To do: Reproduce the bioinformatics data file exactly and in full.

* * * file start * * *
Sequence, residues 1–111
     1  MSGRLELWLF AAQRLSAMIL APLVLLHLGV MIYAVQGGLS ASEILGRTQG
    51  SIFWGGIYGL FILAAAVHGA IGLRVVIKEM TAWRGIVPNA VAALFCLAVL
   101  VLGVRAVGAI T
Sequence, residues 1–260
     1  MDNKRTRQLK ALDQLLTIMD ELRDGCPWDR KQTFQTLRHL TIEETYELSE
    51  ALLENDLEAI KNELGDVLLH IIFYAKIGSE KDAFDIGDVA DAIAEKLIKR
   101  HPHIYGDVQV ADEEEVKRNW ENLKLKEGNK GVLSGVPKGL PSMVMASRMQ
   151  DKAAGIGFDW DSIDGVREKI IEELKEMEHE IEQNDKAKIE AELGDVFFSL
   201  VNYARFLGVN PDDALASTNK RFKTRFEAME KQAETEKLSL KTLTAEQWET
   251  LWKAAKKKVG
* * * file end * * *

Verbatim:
Sequence, residues 1–111
     1  MSGRLELWLF AAQRLSAMIL APLVLLHLGV MIYAVQGGLS ASEILGRTQG
    51  SIFWGGIYGL FILAAAVHGA IGLRVVIKEM TAWRGIVPNA VAALFCLAVL
   101  VLGVRAVGAI T
Sequence, residues 1–260
     1  MDNKRTRQLK ALDQLLTIMD ELRDGCPWDR KQTFQTLRHL TIEETYELSE
    51  ALLENDLEAI KNELGDVLLH IIFYAKIGSE KDAFDIGDVA DAIAEKLIKR
   101  HPHIYGDVQV ADEEEVKRNW ENLKLKEGNK GVLSGVPKGL PSMVMASRMQ
   151  DKAAGIGFDW DSIDGVREKI IEELKEMEHE IEQNDKAKIE AELGDVFFSL
   201  VNYARFLGVN PDDALASTNK RFKTRFEAME KQAETEKLSL KTLTAEQWET
   251  LWKAAKKKVG